Working with SharePoint Library Folders and Permissions

This topic contains 2 replies, has 2 voices, and was last updated by Profile photo of David David 1 year, 8 months ago.

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  • #23634
    Profile photo of David
    David
    Participant

    OK, I am not sure that I am going about some of this the right way. I am very new to PowerShell and trying to learn and there is no one that I work with very fluent with PowerShell or with SharePoint scripting. I have a project where there are +-160 folders in a SharePoint library. Each folder is named after a current user as LName, FName, MI. Each folder should have unique permissions for one user plus some sub-folders for their manager. No one regular user should have access to any other folder but his own. I have put together a script that will use a text file with columns of information pulled from Active Directory that includes Surname, GivenName, Initials, SamAccountName, and Manager. What I want to do is to match or compare the SharePoint folder name with the users' information and if it matches, use the SamAccountName to read permissions for the user for only that folder with subfolders and then break permissions inheritance for the folders.
    I started out using Active Directory cmdlets in my code and then I thought maybe some of that was the problem, but my problem is matching and then giving permissions. I then used the AD command that I needed to get the information and dumped it into a csv file and then started using that file in my code to pull the user information from. Could someone help me out with some of this please??????

  • #23715
    Profile photo of Matt McNabb
    Matt McNabb
    Participant

    I don't have an on-prem sharepoint I can test this against, but maybe we can figure this out.

    Right out of the gate, your name matching will not work. You should use -eq instead of -match:

    If ($Folder.Field.FullName -eq "$($User.GivenName) $($User.Surname)")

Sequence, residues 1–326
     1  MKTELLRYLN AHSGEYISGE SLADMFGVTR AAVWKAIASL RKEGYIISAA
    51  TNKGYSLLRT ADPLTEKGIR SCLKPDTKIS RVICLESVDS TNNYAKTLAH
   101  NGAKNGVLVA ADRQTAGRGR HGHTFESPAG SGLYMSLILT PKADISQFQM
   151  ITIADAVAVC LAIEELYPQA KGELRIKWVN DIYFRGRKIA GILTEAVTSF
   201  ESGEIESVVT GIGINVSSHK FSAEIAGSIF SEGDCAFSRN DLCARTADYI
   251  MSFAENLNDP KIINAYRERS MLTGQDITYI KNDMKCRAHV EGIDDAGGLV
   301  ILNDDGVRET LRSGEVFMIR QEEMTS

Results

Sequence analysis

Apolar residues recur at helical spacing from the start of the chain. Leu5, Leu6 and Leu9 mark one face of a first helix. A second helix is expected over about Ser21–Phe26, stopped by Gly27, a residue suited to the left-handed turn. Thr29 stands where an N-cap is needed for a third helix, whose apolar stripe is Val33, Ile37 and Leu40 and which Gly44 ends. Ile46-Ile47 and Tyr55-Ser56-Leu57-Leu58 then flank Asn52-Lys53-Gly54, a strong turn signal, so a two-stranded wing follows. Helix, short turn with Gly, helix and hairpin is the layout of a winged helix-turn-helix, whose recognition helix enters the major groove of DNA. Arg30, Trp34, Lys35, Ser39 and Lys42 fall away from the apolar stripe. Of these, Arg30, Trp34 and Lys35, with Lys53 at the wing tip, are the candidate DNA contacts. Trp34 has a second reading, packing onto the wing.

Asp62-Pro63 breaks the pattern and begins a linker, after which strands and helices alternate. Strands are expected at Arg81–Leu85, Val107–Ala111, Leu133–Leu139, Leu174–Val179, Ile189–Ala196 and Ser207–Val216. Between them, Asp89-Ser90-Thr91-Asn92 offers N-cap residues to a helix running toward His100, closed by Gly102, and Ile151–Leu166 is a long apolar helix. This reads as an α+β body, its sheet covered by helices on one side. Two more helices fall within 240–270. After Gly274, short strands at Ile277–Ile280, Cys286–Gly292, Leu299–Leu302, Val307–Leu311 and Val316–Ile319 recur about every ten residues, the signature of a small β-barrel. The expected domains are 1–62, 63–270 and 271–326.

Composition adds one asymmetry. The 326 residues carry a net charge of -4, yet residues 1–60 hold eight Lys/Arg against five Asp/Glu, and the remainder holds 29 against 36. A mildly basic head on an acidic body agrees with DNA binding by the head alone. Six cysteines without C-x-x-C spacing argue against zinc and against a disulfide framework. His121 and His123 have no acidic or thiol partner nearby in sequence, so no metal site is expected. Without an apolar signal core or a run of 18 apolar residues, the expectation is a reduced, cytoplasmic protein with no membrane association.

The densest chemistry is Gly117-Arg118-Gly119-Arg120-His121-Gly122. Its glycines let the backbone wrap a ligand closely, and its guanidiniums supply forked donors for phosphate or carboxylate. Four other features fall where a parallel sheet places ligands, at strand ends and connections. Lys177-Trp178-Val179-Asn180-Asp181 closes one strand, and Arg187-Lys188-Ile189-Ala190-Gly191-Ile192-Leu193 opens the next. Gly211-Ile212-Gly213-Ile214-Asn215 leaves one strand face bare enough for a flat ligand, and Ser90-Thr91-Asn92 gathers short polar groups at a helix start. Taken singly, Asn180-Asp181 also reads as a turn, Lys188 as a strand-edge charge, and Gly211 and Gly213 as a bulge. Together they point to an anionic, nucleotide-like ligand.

Of course, that's assuming that the folder names do match exactly with the AD user's first and last names. Make sure you test the comparisons on their own and see if the logic works. Then add it in to the script.

    Any other info you can give us would be helpful as well. For instance, is this script returning any errors?

  • #23725
    Profile photo of David
    David
    Participant

    Ok, I got a little help from someone else the other day on how to do this and here is what I have now. It works to match the names to the folder and it gives permissions so the script does exactly what I want it to do. But, even though it does what I want it to do, there are a couple of other things that I wish it could do.
    The folders in the library come out to a count of about 770 with only 160 or so current employees (the rest are term employees). That means only 160 out of 770 will need user permissions so when the script runs it gives limited read to all users for those other folders because they have inherited permissions. So, If I break permissions for everything in that library before I run this script, I only apply Read permissions for these 160 users to their top folder and none of the subfolders. I am not sure how I can get around this since my script is only checking the top folder against the text file.

    $importList = import-csv -Delimiter "`t" -Path c:\powershell\sp\input_files\users.txt
    ForEach ($Item in $importList) {
        $Manager = $Item.Manager
        
        $docLib.folders |
        Where-Object{
            $username="$($Item.Surname).*$($Item.GivenName)"
            $_.title -match $username
            Write-Host $_.Title 
        } |
        ForEach-Object{ 
            $_.BreakRoleInheritance("true")
            $account=$web.EnsureUser($Item.SamAccountName)
            $assignment1=New-Object Microsoft.Sharepoint.sproleAssignment($account)
            $assignment1.Roledefinitionbindings.Add($Role)
            $_.RoleAssignments.Add($assignment1)
            $_.Update()
           
        }
        break   
    }
    $web.dispose()
    

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